Vardeman Farms: Generations Strong

It’s tough to find a producer who isn’t passionate about their career. Lacy Vardeman is no exception.

She and her husband, Dean, are second-generation farmers of Vardeman Farms which covers 7,000 acres across Lubbock, Hockley and Lynn counties. Their three children, Ty, Molly and Abby will be the third generation to take over the family business.

“It’s a family affair,” Vardeman said. “Our business also includes my brother-in-law, Keith, his wife Leslie, and their son, Scott.”

They also have an additional two employees who have been with them for more than 25 years.

“So much has changed since the generation before us,” she said. “The biggest being technology. We’ve learned to protect the land more, developed ways to spray less with fewer chemicals and farm more acreage with fewer hands due to better equipment, just to name a few.”

Embracing technology, she said, is the greatest lesson she learned from the first Vardeman farming generation. Across the board, technology has improved farming and benefitted not only the land, but the products of both food and fiber.

A strong advocate and member of the National Cotton Council, Vardeman also stands firm in her support of being part of local and regional co-ops.

“I have to be honest when I say I once thought every producer was part of a co-op,” she said. “I was quite surprised to learn years ago that some are not. As producers, we don’t gamble with anything else except our livelihood. Co-ops help protect that gamble as much as possible by giving you control, annual dividends and a voice.”

Everything Vardeman Farms does, she emphasized, has revolved around participation in cotton industry organizations and co-ops. From involvement in Cotton Incorporated to the more than 40 years Dean has served on local gin boards as well as serving on the board of Co-op Advantage®️ regional co-sponsor Plains Cotton Cooperative Association.

“It’s simply unimaginable and unaffordable not to have control in your own business,” she said. “Being a part of local and regional co-ops allows you to own a piece of your business, giving you all they possibly can to help beyond the ‘gamble’ we all take as producers with so many unknowns such as weather, the market, trade and other daily things outside our control.”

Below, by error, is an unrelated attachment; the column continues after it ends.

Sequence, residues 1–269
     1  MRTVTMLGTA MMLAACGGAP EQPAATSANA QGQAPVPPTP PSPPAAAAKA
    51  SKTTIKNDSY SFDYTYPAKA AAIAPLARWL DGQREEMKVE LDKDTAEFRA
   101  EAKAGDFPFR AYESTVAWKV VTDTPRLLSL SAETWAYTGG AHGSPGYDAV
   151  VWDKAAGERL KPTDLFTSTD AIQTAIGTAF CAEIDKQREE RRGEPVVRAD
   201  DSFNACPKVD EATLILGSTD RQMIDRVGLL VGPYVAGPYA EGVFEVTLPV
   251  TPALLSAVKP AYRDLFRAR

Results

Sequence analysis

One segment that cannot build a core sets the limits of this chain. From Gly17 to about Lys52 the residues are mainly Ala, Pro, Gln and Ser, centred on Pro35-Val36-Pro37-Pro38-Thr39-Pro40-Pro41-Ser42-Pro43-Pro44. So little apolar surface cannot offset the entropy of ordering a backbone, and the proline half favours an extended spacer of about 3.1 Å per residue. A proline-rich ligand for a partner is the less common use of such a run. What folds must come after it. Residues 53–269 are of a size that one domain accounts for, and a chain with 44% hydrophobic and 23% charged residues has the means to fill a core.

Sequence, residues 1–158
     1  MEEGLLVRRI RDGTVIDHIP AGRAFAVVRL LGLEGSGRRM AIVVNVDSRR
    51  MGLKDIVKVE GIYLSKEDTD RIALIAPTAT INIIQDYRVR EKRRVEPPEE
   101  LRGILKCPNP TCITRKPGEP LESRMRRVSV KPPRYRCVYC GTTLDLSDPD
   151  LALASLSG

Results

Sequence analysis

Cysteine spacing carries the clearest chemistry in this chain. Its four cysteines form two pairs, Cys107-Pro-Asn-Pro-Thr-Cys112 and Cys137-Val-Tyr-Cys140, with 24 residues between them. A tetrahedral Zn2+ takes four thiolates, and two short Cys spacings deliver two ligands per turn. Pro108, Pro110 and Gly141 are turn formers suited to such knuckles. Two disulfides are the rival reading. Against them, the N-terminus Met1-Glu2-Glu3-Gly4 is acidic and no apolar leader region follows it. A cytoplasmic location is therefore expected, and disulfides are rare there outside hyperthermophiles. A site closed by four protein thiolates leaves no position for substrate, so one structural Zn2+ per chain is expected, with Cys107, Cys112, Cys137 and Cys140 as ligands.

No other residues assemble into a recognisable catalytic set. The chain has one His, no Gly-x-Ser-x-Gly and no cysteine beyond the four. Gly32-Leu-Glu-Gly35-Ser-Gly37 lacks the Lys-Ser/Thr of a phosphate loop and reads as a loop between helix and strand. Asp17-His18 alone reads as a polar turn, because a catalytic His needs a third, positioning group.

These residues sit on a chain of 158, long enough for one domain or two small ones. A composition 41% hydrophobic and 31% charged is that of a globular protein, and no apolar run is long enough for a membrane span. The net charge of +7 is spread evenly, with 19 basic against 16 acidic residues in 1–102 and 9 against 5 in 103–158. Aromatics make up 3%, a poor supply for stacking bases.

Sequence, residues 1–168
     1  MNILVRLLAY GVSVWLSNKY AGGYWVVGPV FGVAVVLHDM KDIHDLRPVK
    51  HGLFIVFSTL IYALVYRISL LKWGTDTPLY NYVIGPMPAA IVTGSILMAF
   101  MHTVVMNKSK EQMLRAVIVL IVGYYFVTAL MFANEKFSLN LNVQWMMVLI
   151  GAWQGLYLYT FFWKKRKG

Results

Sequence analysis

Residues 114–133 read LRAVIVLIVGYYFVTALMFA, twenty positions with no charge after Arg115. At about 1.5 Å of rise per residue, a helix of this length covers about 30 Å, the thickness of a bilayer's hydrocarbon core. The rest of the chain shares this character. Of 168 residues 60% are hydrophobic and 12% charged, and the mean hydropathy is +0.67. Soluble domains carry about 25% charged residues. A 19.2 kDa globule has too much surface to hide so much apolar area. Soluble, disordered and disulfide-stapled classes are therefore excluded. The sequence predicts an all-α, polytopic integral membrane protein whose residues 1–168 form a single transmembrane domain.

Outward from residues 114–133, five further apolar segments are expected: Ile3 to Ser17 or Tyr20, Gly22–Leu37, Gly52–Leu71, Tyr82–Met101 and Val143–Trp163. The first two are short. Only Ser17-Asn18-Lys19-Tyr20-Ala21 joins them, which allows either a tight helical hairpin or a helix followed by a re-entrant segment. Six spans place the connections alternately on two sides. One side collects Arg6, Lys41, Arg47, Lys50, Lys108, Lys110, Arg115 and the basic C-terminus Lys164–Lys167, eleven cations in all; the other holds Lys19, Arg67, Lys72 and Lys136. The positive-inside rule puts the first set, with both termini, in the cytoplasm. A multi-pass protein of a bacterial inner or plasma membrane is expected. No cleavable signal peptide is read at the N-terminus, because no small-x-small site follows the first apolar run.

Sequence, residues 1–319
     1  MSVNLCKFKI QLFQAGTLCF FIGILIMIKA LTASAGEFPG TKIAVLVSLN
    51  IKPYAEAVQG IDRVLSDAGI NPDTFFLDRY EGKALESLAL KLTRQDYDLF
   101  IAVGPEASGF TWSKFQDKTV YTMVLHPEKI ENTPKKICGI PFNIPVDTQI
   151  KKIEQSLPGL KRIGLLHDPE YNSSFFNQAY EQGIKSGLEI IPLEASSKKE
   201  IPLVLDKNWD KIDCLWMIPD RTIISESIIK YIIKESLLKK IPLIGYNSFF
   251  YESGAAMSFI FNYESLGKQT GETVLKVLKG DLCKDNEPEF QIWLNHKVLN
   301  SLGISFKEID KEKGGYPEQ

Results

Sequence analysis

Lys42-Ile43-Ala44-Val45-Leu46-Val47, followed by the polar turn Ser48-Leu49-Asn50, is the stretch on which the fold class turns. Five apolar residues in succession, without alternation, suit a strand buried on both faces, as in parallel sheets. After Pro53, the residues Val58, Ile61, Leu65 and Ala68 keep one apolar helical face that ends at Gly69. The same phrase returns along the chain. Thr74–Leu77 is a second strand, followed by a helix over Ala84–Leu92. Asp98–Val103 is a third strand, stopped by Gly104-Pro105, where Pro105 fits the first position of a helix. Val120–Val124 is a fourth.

A consummate pupil of agricultural history, Vardeman speaks openly about the lessons learned from generations past and how caring for the land is so important now and for generations to come.

“Few people have businesses to pass to the next generation,” she said. “Producers do. We must not only take care of, but improve the land and leave it better than we came upon it for our children. We do this so they will have it better than we did. This goes back to technology and our constant work to preserve the soil so we hopefully will not have exposed ground again.”

As for her advice to the next generation of Vardeman producers, or any next generation, she’s quick to answer.

“Love the land and always, always learn to improve in all things,” she said.

She lives by that advice herself and truly appreciates the blessings of working in agriculture.

“I’m so very blessed to have been born in the United States, to be a part of this great business we call agriculture and to have a husband and three kids who love it just as much or more than I do.”

Passionate about agriculture, dedicated to the cooperative system and always working to protect the land. That is Lacy Vardeman.

That is The Co-op Advantage.

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